Melissa Wheeler, MPAS, PA-C, is a board-certified physician assistant with the California Skin Institute. She has more than five years of clinical experience as a physician assistant specializing in both general and cosmetic dermatology. She encourages complete skin exams for all patients in the effort to decrease skin cancer and skin cancer mortality. Here, Melissa answers some important questions related to skin safety.
1. We've all been hearing more and more these days about skin checks and skin screenings. Why is it so important to get a skin screening with a trained medical professional?
If you're like most people, you may look at your skin from time to time, but you probably miss a lot of areas that an expert would look at more closely. Many patients I see come to me because of one particular skin concern, but then oftentimes I will notice something more worrisome that they didn't even know existed. So, it's always best to see a dermatology professional, who is trained to identify all types of skin problems. Plus, it's really difficult to check all areas of your skin--for instance, how well can you check your back, your scalp, or behind your ears? Because skin cancer is so common--one in five Americans will develop skin cancer in the course of a lifetime*--it's worth it to have your skin checked by an expert.
2. Can't primary care physicians do skin checks for patients?
It's true that some primary care physicians do a great job checking the skin as part of a physical, but others admit they aren't comfortable doing skin checks and don't typically do them for their patients. Certainly, if you have any family history of skin cancer or any risk factors, you should see a dermatologist.
3. How often should you have a skin screening?
The American Academy of Dermatology recommends one skin screening each year for adults age 40 and older, but if you have a personal history of skin cancer or a strong family history of skin cancer, you should have one done every six months and start at an earlier age. If you're under 40, talk with your physician about how much sun exposure you've had in your lifetime and any other risk factors, such as whether you've used tanning beds. That will help determine how soon you should start your skin screenings.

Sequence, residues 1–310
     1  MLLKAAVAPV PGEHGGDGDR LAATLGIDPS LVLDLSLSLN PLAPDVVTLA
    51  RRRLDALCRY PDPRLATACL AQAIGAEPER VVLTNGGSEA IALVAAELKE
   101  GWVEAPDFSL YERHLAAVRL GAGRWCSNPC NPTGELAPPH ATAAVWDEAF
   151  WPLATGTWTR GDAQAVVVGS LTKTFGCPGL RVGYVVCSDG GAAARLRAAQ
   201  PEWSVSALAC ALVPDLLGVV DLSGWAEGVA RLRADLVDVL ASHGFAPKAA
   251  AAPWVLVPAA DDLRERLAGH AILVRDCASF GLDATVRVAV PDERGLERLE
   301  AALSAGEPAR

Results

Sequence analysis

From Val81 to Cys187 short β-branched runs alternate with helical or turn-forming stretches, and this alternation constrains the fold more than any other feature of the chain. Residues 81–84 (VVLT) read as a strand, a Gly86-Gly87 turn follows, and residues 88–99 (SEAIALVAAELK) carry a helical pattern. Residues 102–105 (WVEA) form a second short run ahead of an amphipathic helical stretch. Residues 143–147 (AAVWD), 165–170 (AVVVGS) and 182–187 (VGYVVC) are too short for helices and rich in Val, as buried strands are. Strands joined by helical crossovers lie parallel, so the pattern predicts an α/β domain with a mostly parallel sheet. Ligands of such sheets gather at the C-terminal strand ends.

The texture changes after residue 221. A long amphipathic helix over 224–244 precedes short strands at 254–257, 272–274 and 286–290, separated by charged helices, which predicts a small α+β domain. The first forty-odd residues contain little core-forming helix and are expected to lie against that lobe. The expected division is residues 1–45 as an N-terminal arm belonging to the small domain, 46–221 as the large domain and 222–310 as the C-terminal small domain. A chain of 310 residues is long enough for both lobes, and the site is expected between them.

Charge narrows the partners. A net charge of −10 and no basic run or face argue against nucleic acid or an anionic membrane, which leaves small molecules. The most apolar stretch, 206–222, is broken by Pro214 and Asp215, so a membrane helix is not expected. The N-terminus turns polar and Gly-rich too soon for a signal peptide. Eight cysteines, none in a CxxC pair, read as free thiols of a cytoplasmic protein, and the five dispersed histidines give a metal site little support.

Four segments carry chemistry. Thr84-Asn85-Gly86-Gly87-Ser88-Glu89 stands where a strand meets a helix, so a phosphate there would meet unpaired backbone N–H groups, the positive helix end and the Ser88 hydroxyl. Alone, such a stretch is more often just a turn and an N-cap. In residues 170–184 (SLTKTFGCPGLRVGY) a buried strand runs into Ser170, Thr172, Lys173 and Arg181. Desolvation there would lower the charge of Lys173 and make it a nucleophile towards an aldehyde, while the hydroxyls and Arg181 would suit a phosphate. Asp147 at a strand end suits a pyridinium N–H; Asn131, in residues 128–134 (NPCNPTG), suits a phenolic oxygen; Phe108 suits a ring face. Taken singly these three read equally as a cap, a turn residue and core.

4. Are there any programs that offer free skin screenings?
Yes, there are. I'm excited to be working with El Camino Hospital's Cancer Center on a new skin screening program this year. All dates will be posted on the El Camino Hospital Calendar and, yes, they will be free of charge!
5. If you don't have any skin cancer risk factors--fair skin, lots of moles, history of skin cancer, history of sunburns/tanning/tanning bed use--should you still get a skin check?
Yes, you should have your skin checked regardless. Many people are surprised to hear that we often find melanoma--the most serious skin cancer--in patients with dark skin who don't usually burn or freckle. According to the Skin Cancer Foundation, African American and Asian American melanoma patients have a greater tendency than Caucasians to present with a more advanced disease at the time of diagnosis, which worsens their survival rate. As with other cancers, catching skin cancer early is much more likely to lead to a successful treatment.
6. What about sunscreens--what type should we use to protect our skin?
Always look for broad-spectrum protection (against both UVA and UVB rays), a high SPF rating and a "water-resistant" label. Many of my patients prefer sprays, which are OK, as long as you rub them in. And, check the date to make sure your sunscreen hasn't expired.
7. What about school-age kids? Should they use a daily sunscreen, even if they are in school all day?
Yes, and I think schools should do more to encourage sunscreen use. Excessive exposure to the sun at a young age raises your risk of skin cancer later in life. Here in California, kids often eat outside during lunch, so they could be out in the sun for two or three hours during a typical school day. Unfortunately, many schools don't have the resources to address sunscreen use, which is too bad.
8. Anything else you'd like to clarify, when it comes to skin cancer prevention?
I'd like to remind folks of the dangers of tanning beds. Many adults in our community still use tanning beds on a regular basis. And some tanning salons tell clients that their beds are "safe," or their rays are "safe," but that isn't true. There are no "safe" tanning beds. So I strongly advise all my patients to steer clear of them. (Note: The International Agency for Research on Cancer includes "ultraviolet tanning devices" on its list of the most dangerous cancer-causing substances, along with plutonium and cigarettes).
*Statistics from Skin Cancer Foundation "Fact Sheet"